A British navy ship has evacuated British nationals from Libya, according to the UK Defence Ministry, as worsening security there is forcing thousands to flee.
The HMS Enterprise, which had been on a Mediterranean deployment, on Sunday evacuated 110 people, mostly British, from the capital Tripoli, Michael Aron, British ambassador to Libya, said on Twitter.
It arrived in Malta on Monday carrying the Britons, including 30 children, 12 infants, four pregnant women and one elderly and sick person, according to another statement by Aron via Twitter.
Britain is also planning to temporarily suspend its embassy operations in Libya, the Foreign Office said.
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Sunday's operation resembles one conducted in 2011 during the uprising that toppled long-time ruler Muammar Gaddafi, when a Royal Navy ship evacuated foreigners.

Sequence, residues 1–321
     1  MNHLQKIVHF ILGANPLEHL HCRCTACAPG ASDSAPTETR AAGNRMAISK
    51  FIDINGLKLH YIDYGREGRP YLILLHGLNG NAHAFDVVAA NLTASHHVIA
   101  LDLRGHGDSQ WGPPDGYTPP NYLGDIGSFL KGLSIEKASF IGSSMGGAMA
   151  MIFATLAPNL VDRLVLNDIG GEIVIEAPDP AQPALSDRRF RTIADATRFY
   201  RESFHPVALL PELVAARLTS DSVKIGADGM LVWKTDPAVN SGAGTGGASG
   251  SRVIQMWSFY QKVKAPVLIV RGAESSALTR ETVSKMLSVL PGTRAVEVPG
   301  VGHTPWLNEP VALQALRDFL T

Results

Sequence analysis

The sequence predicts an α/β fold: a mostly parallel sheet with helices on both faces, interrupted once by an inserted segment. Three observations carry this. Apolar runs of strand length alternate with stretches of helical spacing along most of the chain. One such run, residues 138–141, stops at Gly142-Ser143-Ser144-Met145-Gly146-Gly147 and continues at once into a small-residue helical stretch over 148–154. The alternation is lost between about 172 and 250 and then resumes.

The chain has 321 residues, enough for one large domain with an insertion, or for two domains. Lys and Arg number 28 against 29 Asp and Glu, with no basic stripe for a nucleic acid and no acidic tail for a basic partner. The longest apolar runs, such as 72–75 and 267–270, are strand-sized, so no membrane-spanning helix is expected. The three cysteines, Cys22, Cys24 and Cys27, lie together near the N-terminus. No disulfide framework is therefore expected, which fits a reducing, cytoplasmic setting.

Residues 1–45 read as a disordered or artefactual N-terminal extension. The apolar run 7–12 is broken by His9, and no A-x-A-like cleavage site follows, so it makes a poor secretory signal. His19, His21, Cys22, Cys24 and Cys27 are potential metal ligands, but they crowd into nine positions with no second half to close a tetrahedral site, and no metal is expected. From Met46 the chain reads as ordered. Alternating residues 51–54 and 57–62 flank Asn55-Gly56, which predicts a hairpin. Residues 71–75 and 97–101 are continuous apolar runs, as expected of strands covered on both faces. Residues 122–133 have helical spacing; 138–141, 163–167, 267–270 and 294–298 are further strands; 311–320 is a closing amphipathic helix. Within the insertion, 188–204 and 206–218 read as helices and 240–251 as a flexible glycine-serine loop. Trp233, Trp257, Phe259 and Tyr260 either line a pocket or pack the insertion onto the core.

Aron has said he has "reluctantly" decided to leave due to the worsening local clashes.
Libya has suffered chronic insecurity since Gaddafi's overthrow, with the new government unable to check armed groups that helped to remove him as well as the rise of conservative religious groups.
Fighting between the rival factions has forced the closure of Tripoli's international airport, while the Ansar al-Sharia is battling army special forces in the eastern city of Benghazi.
On Sunday, fighting for control of the airport left at least 22 people dead and oil depots hit by shells caused mass fires in Tripoli.
In the past week, many countries have ordered their citizens to leave and, in some cases, have evacuated them.
Between 100 and 300 Britons are thought to be in Libya.
Many British consular staff were evacuated last Monday.
"Fighting has intensified in Tripoli, including around the British embassy compounds," a Foreign Office spokesman said.
"In the light of the deteriorating security situation, we are taking steps temporarily to suspend operations at the British embassy in Tripoli after the planned assisted departure of British nationals."
"We advise against all travel to Libya and urge British nationals in Libya to leave through commercially available means."